National plaintiffs’ law firm Keller Postman LLC has filed a federal lawsuit against LinkedIn alleging unfair-competition, fraud, and breach-of-contract claims on behalf of a class of plaintiffs who purchased advertisements on the platform.
Filed in the U.S. District Court for the Northern District of California, the complaint alleges that LinkedIn consistently overcharges advertisers because it inflates the advertising metrics on which businesses rely when placing bids to purchase LinkedIn advertising.
The lawsuit seeks to put an end to LinkedIn’s misrepresentations about its advertising metrics and to require LinkedIn, which is owned by Microsoft, to increase transparency into how it calculates and reports user activity on the platform.
“It is unacceptable for digital advertising platforms such as LinkedIn to misreport metrics that are crucial to marketers in deciding how much to bid on advertising slots, if at all,” Keller Postman Partner Warren Postman said. “This lawsuit is being filed not just to stop LinkedIn’s allegedly unfair and fraudulent business practices, but to increase transparency into whether LinkedIn’s advertising metrics truly reflect user engagement with paid advertisements.”
According to LinkedIn’s own admission, LinkedIn has known for months that it has been overstating the amount of time users spend watching paid video advertisements. This includes charging advertisers for video “views” even where videos are playing completely off-screen. These and other problems with LinkedIn’s Sponsored Content Advertisements have occurred for more than two years. Nevertheless, LinkedIn aggressively markets its platform as a premium product that allows sophisticated marketers to advertise to highly engaged audiences of working professionals.
The scope of the lawsuit goes beyond what LinkedIn has already admitted. As further alleged in the complaint, LinkedIn charges for advertisement engagement that it knows is not authentic. Studies show that LinkedIn’s metrics include extensive traffic generated by fraudulent accounts, bot traffic, and misclicks, rather than genuine user engagement with ad content. These factors allow LinkedIn to systematically overstate the quality of user engagement and collect inflated advertising prices from advertisers.
“If advertisers had known the truth about LinkedIn’s false claims about user engagement, they never would have paid the premium prices LinkedIn charged,” Postman said. “LinkedIn marketed itself as an advertising platform with a high-quality audience that would engage with advertising content. Even after the point when LinkedIn claims it discovered faulty ad metrics on its platform, it continued to charge inflated prices for advertisements on its platform for months.”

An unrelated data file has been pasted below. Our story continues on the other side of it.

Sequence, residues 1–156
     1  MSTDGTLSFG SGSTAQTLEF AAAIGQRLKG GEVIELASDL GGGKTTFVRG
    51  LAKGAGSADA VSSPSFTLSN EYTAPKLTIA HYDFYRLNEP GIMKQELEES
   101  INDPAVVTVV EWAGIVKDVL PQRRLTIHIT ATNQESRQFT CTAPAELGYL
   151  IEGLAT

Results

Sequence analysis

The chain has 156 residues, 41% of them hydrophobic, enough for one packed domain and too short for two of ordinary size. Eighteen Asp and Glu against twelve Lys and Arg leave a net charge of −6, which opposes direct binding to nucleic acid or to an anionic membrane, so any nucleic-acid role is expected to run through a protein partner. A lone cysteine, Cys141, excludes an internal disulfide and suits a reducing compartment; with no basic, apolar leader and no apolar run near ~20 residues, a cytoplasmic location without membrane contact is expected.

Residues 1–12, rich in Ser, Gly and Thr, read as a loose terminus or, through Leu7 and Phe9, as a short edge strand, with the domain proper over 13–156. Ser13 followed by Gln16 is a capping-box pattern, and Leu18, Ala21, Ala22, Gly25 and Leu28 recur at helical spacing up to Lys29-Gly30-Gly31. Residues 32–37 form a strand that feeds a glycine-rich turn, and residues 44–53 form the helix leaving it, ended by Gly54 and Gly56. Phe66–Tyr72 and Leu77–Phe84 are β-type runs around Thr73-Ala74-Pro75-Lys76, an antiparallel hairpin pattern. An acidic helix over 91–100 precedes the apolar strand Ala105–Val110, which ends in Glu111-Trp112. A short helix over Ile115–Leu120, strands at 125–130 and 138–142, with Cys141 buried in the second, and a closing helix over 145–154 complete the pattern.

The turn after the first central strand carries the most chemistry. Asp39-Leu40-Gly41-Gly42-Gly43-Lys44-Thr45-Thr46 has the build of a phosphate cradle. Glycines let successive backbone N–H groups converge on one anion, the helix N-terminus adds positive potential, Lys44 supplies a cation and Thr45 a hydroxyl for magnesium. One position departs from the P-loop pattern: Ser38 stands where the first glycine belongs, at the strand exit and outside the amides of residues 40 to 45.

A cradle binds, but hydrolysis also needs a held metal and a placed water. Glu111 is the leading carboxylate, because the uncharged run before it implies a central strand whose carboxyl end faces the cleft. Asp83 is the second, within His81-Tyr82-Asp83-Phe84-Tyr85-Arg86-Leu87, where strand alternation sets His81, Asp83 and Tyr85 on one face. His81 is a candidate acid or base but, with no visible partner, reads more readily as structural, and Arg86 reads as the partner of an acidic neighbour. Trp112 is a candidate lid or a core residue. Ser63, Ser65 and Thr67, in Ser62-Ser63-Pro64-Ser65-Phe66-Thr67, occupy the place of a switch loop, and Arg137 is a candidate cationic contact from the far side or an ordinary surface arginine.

The complaint notes that, unlike other digital advertising platforms, LinkedIn does not allow third-party analysis of its advertising metrics and user engagement. LinkedIn advertisers—which are primarily small businesses—therefore must rely on LinkedIn’s representations about user engagement when placing bids in online auctions for advertising inventory on the platform, all of which is run by LinkedIn.
LinkedIn’s inaccurate metrics misled customers into believing that advertising on LinkedIn’s platform was more effective than it actually was. The complaint details how LinkedIn’s lack of transparency allowed it to get away with misrepresenting user engagement on its platform for years and therefore charge more for advertising slots. The complaint alleges that these issues with LinkedIn’s ad metrics did not give advertisers the benefit of their bargain.
The lawsuit includes claims for violations of state unfair competition law, fraudulent misrepresentation, fraudulent concealment, breach of the implied duty to perform its contract with advertisers with reasonable care, and breach of the implied covenant of good faith and fair dealing. It also seeks an order enjoining LinkedIn from continuing to engage in the alleged wrongful acts, requiring LinkedIn to engage third-party auditors to evaluate and correct problems with LinkedIn advertisements, and requiring LinkedIn to disclose any further inaccuracies with respect to its ad metrics in a timely and accurate manner. The lawsuit also seeks monetary damages, restitution, punitive damages, attorneys’ fees, and costs.
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*As of April 2022, the firm has changed its name from Keller Lenkner to Keller Postman.
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